Maybe it’s because my family moved so often when my sister and I were growing up that I’m so unhealthily obsessed with houses. We’d always buy a new house on the edge of town and plant a new yard. Just when the lawn was finally taking root and the sapling trees we’d staked down were throwing off a little bit of shade, we’d move again. Off to another house to plant some more roots somewhere. It was always a losing battle. But we kept doing it.
As an adult, I’ve now lived in our current house 11 years and the one before it in Dallas for 10 years — a record in my life. After we left our Dallas house, I dreamt about it for months. I was always back there, trying to get in, or inside it, knowing it wasn’t mine any longer, that I’d been displaced and would have to leave.
I know this is all the stuff of therapy, like so much else in my neurotic life. But there it is, Dr. Freud. I’m fixated on owning a house and living there not because it’s a good investment (I read the newspapers) or offers tax advantages. I’m obsessed because it offers me the closest thing on earth to a sense of permanence and security. I’m so unreasonably possessed with this feeling that I even have the remote suspicion that, after years of people living there, houses develop a certain sense of soul.
“You told my friend that you felt the house you bought was a happy house,” said a woman who knew the daughter who grew up in our current house. “And you were right. We had such great times there.”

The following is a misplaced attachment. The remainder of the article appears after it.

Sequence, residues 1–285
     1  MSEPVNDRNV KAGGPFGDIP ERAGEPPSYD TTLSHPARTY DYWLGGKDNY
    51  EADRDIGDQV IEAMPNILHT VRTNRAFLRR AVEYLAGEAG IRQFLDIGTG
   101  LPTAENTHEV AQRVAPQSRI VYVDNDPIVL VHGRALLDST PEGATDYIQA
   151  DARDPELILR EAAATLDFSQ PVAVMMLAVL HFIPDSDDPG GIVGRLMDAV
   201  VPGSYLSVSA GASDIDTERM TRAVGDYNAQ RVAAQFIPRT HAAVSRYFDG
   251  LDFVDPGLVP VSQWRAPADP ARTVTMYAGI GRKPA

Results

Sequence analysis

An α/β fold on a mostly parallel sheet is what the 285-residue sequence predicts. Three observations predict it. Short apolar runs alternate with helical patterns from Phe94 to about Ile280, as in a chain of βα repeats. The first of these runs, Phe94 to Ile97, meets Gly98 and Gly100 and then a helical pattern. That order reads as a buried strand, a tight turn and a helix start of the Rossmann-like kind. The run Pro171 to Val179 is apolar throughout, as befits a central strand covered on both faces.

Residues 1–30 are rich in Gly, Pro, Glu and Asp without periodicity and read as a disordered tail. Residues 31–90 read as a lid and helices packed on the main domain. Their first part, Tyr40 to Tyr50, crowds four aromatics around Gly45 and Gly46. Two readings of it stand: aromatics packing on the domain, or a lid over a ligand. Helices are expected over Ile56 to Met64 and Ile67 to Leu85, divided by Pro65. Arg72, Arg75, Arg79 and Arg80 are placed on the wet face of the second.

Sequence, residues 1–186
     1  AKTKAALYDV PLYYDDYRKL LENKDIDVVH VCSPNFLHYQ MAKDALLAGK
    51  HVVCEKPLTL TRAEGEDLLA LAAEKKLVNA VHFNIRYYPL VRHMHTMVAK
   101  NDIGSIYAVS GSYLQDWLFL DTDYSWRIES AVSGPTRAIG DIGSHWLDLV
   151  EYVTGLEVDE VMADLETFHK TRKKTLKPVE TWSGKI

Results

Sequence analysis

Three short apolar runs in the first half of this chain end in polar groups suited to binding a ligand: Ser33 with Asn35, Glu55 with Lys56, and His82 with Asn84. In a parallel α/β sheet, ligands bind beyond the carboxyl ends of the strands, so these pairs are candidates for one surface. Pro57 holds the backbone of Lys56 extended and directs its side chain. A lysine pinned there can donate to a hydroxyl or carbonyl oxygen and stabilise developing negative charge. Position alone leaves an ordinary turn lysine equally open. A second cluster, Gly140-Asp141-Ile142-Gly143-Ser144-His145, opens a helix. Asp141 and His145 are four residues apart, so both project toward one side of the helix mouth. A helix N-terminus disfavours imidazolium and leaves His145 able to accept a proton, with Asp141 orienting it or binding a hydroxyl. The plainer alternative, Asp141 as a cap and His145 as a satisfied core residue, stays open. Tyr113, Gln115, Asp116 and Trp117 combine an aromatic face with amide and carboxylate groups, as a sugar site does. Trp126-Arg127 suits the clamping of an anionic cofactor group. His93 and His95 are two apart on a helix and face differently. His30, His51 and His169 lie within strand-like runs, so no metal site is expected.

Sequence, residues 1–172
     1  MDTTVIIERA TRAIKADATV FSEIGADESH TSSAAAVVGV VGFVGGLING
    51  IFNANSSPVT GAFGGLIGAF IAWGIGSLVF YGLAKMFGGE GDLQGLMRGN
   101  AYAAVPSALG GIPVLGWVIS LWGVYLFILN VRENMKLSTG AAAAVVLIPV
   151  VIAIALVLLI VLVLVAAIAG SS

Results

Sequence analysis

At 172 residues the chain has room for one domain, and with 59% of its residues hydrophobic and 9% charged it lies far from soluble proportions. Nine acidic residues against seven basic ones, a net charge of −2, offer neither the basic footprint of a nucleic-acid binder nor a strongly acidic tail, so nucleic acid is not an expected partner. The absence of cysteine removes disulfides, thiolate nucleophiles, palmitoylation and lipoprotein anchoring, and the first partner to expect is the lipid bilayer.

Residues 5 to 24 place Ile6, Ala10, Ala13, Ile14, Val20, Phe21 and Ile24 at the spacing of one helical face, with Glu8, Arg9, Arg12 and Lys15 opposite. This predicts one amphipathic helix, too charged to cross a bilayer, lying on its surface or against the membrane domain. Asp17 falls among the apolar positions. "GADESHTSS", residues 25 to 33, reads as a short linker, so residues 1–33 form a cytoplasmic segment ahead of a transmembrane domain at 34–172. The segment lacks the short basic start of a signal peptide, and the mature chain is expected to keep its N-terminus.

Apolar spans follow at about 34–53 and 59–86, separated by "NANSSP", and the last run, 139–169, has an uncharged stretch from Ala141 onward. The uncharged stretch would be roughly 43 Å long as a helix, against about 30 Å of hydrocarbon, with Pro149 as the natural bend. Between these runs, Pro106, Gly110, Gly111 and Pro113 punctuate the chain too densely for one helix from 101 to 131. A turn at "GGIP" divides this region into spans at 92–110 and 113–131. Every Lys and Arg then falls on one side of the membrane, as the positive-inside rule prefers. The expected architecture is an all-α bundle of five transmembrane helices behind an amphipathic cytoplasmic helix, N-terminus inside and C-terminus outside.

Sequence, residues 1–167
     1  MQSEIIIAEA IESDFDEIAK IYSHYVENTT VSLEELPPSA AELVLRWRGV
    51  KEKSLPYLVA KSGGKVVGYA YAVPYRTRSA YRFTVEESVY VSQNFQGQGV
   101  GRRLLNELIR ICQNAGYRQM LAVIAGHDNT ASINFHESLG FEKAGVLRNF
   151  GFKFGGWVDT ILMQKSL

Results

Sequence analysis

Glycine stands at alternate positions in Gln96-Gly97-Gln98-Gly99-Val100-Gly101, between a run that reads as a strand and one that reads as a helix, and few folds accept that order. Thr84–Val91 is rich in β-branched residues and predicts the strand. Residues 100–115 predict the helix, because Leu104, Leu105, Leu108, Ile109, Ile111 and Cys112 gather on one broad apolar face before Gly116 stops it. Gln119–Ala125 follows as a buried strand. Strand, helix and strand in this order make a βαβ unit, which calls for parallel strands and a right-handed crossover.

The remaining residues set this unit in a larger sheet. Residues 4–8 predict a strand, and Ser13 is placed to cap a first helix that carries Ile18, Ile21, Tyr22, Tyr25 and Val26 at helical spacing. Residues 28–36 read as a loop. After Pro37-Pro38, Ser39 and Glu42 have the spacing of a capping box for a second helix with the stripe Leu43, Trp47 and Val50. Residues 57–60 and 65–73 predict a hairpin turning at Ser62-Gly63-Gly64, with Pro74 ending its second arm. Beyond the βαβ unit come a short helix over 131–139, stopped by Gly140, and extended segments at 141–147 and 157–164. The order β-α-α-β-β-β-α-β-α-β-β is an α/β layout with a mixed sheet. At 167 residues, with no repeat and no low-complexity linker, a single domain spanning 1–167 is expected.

I knew I was right. I could feel it, somehow. So, make fun of me. I know it’s nuts. I’ll just have to live with it.
Yesterday, as I was driving to meet friends for a weekly coffee, I passed by a lot where a house had been torn down on Enfield, close to the freeway. I’d passed the lot earlier in the week, wracking my mind to try to recall which house had been leveled. Surely, I thought, it couldn’t be that house — the one I’d always admired that sat so gracefully on its large lot. It was beige stucco, with aqua accents, so dignified and classic and comfortable-looking. Surely not that house.
But this time, on the second trip, I realized it was that house that now lay in splinters and shards. That house that clearly had such a fine and graceful soul and years of sweet memories to it.
In this perilous real estate market, I know there’s a chance the new owner will lose his shirt on this investment. I don’t care. Tough luck, buddy. Whatever they put up on that lot — and I’m envisioning some monster of a Tuscan villa or a Versailles ripoff or a fucking Swiss mountain chalet — who cares? I, for one, am already planning to hate it. If there’s any karma in the universe, you mess with soul at a risk to your own.
(Copyright 2008 by Ruth Pennebaker)